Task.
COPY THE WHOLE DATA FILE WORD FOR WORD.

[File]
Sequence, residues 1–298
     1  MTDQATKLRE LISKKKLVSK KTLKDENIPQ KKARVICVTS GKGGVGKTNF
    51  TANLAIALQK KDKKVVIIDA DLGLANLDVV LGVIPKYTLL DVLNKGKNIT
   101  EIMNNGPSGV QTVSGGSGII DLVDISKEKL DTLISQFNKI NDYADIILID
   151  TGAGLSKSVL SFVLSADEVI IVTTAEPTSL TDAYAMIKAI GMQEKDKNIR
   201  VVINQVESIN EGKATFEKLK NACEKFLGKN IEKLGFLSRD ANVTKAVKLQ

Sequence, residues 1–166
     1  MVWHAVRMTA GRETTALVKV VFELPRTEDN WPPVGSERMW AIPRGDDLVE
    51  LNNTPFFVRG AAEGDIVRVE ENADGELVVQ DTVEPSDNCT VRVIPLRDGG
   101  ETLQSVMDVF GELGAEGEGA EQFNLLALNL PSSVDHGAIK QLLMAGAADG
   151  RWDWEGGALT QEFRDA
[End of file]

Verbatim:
Sequence, residues 1–298
     1  MTDQATKLRE LISKKKLVSK KTLKDENIPQ KKARVICVTS GKGGVGKTNF
    51  TANLAIALQK KDKKVVIIDA DLGLANLDVV LGVIPKYTLL DVLNKGKNIT
   101  EIMNNGPSGV QTVSGGSGII DLVDISKEKL DTLISQFNKI NDYADIILID
   151  TGAGLSKSVL SFVLSADEVI IVTTAEPTSL TDAYAMIKAI GMQEKDKNIR
   201  VVINQVESIN EGKATFEKLK NACEKFLGKN IEKLGFLSRD ANVTKAVKLQ

Sequence, residues 1–166
     1  MVWHAVRMTA GRETTALVKV VFELPRTEDN WPPVGSERMW AIPRGDDLVE
    51  LNNTPFFVRG AAEGDIVRVE ENADGELVVQ DTVEPSDNCT VRVIPLRDGG
   101  ETLQSVMDVF GELGAEGEGA EQFNLLALNL PSSVDHGAIK QLLMAGAADG
   151  RWDWEGGALT QEFRDA